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I was compiling a C++ program that makes use of the C++ keyword "override".

I compiled it successfully in Visual Studio 2010, but now I need to compile it on g++. Only g++ 4.6 is available (and you need g++ 4.7 to support "override").

The real solution is to install g++ 4.7 (which is happening now), but it got me thinking. Is there a compile-time check to see if a keyword is supported?

I tried:

#ifndef override
    #define override
    #ifdef BUILD_WINDOWS
        #pragma message("The \"override\" keyword is not supported on this compiler!  Ignoring it!")
        #warning "The \"override\" keyword is not supported on this compiler!  Ignoring it!"

This doesn't work, since "override" is not a symbol.

I would like something more general than simply checking the compiler version to see if it is one of the ones that supports the keyword. How can this be done, if at all?

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You could change "#ifndef override" for checking not symbol but compiler version as a partial solution –  Fomin Arseniy Jan 14 '13 at 6:15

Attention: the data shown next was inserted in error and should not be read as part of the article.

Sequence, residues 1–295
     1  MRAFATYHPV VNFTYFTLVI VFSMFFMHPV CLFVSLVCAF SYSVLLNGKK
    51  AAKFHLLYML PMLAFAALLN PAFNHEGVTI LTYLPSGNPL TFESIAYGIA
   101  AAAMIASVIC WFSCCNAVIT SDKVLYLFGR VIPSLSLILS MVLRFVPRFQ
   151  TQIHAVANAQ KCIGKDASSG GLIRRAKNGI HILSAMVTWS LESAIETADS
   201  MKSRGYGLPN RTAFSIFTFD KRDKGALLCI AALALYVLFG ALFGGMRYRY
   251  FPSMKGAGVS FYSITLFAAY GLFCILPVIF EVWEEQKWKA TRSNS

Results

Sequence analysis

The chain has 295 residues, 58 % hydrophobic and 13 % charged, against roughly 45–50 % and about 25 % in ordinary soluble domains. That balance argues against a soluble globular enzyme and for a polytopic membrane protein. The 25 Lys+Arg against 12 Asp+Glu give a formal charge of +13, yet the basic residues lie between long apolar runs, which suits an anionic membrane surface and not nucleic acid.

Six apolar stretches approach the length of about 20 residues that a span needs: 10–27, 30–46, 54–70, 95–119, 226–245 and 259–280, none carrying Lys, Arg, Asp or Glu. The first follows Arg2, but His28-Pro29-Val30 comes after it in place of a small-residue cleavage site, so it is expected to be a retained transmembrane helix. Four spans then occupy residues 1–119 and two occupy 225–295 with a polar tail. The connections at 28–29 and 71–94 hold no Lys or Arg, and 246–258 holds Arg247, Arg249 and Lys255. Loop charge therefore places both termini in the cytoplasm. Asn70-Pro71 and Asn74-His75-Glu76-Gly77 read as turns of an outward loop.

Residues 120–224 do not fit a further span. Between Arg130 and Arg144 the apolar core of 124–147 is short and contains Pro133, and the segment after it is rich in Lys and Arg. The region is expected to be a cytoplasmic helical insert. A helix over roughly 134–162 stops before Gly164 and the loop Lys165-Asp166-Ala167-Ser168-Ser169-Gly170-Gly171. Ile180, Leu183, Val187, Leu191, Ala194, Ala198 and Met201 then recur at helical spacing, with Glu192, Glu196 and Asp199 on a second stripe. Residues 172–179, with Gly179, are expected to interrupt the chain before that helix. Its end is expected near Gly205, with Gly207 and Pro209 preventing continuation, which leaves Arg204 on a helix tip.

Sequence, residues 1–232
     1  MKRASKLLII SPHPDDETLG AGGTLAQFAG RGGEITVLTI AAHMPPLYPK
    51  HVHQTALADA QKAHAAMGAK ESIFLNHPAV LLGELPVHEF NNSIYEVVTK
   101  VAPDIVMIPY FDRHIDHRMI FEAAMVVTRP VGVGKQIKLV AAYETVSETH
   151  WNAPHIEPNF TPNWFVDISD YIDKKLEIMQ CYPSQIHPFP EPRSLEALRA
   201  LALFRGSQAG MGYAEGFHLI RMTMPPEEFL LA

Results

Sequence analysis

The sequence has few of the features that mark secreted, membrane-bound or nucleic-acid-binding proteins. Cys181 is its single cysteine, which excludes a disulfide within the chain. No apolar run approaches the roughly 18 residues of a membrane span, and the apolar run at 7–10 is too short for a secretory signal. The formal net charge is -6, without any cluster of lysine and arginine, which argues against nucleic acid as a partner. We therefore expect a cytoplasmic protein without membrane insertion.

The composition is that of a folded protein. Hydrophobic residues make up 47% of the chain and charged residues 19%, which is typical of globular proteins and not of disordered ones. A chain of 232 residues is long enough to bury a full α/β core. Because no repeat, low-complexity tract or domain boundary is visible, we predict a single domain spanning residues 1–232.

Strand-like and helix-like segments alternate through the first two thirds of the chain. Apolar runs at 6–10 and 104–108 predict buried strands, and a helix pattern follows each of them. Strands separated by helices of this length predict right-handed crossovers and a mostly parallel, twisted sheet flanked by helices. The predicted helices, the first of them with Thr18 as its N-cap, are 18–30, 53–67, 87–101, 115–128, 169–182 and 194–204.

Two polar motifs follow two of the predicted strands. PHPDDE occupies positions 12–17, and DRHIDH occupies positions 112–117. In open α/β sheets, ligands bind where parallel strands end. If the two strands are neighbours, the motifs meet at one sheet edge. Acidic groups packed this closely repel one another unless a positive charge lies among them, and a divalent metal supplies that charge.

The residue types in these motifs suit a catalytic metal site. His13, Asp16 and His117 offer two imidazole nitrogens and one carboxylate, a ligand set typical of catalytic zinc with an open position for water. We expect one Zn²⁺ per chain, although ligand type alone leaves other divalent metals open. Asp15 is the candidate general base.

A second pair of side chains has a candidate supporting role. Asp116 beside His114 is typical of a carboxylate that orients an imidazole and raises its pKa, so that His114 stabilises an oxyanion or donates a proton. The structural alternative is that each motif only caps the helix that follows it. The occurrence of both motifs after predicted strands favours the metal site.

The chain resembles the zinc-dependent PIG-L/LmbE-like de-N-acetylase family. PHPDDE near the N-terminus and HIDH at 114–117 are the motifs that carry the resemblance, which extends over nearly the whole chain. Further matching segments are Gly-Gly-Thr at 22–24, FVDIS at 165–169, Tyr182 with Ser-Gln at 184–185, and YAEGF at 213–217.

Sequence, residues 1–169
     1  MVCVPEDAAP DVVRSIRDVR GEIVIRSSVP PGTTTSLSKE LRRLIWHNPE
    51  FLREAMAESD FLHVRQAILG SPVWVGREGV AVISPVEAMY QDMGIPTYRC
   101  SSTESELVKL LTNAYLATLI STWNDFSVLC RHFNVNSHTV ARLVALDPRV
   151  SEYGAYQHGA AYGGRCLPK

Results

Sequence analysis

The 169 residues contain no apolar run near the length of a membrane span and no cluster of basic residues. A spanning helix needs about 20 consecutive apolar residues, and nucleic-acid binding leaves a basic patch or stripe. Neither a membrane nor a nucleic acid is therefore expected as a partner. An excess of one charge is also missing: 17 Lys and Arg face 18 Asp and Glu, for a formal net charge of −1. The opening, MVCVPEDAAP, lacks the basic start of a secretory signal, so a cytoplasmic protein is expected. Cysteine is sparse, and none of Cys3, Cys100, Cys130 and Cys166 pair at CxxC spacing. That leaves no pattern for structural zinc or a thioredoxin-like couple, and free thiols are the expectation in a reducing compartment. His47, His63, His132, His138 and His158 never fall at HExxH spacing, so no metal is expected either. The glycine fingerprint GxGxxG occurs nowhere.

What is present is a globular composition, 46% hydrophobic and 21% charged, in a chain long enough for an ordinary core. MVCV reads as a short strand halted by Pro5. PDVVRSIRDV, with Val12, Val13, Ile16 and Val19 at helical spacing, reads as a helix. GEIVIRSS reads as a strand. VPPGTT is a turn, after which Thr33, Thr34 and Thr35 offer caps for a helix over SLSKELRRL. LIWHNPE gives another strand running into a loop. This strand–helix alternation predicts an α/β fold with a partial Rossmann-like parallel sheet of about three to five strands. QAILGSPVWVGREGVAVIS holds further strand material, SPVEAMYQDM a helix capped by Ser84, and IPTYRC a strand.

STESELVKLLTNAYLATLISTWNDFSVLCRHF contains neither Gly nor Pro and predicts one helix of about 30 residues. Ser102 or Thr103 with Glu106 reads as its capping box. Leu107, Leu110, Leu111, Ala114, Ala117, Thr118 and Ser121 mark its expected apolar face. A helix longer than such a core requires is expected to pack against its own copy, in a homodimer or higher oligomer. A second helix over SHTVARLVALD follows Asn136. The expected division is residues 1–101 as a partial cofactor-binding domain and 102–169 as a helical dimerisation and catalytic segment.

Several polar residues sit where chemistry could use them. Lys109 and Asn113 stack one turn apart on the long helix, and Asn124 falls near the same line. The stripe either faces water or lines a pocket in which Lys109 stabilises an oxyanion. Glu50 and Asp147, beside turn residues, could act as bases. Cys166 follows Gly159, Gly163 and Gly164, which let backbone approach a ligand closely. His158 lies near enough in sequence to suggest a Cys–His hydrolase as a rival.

possible duplicate of Is there a preprocessor directive for detecting C++11x support? –  Karthik T Jan 14 '13 at 6:17
Note that override is not a keyword in C++11. It is a special identifier, which only has meaning in a certain context. –  juanchopanza Jan 14 '13 at 6:22
This seems like a solution in search of a problem to me. Just rename the function, or use initial caps it the name must be 'OverRide' –  Jeff D. Jan 14 '13 at 6:54

1 Answer 1

up vote 2 down vote accepted

I know of no way to check for specific keywords from within the program. The best I can offer is checking special predefined macros for specific compilers / compiler versions or language / language versions.

For the former, there is

#if defined __GNUC__ && (__GNUC__ > 4 || (__GNUC__ == 4 && __GNUC_MINOR__ >= 7))

For the latter, there is

#if __cplusplus >= 201103L
share|improve this answer
I am surprised the commitee did not define specific macros for feature support. –  Loki Astari Jan 14 '13 at 6:36
Well, it's not the answer I wanted, but after some more looking around at some surprisingly similar problems that my searches somehow didn't turn up, I have to conclude that that this is the right answer. Thanks! –  imallett Jan 14 '13 at 7:36
@LokiAstari: There's a good reason for that. ISO SQL had such a concept, but that didn't work out at all. No two implementations were compatible, even though they all correctly specified which parts were implemented. But each implemented a different subset, and the common subset was almost empty. –  MSalters Jan 14 '13 at 7:41

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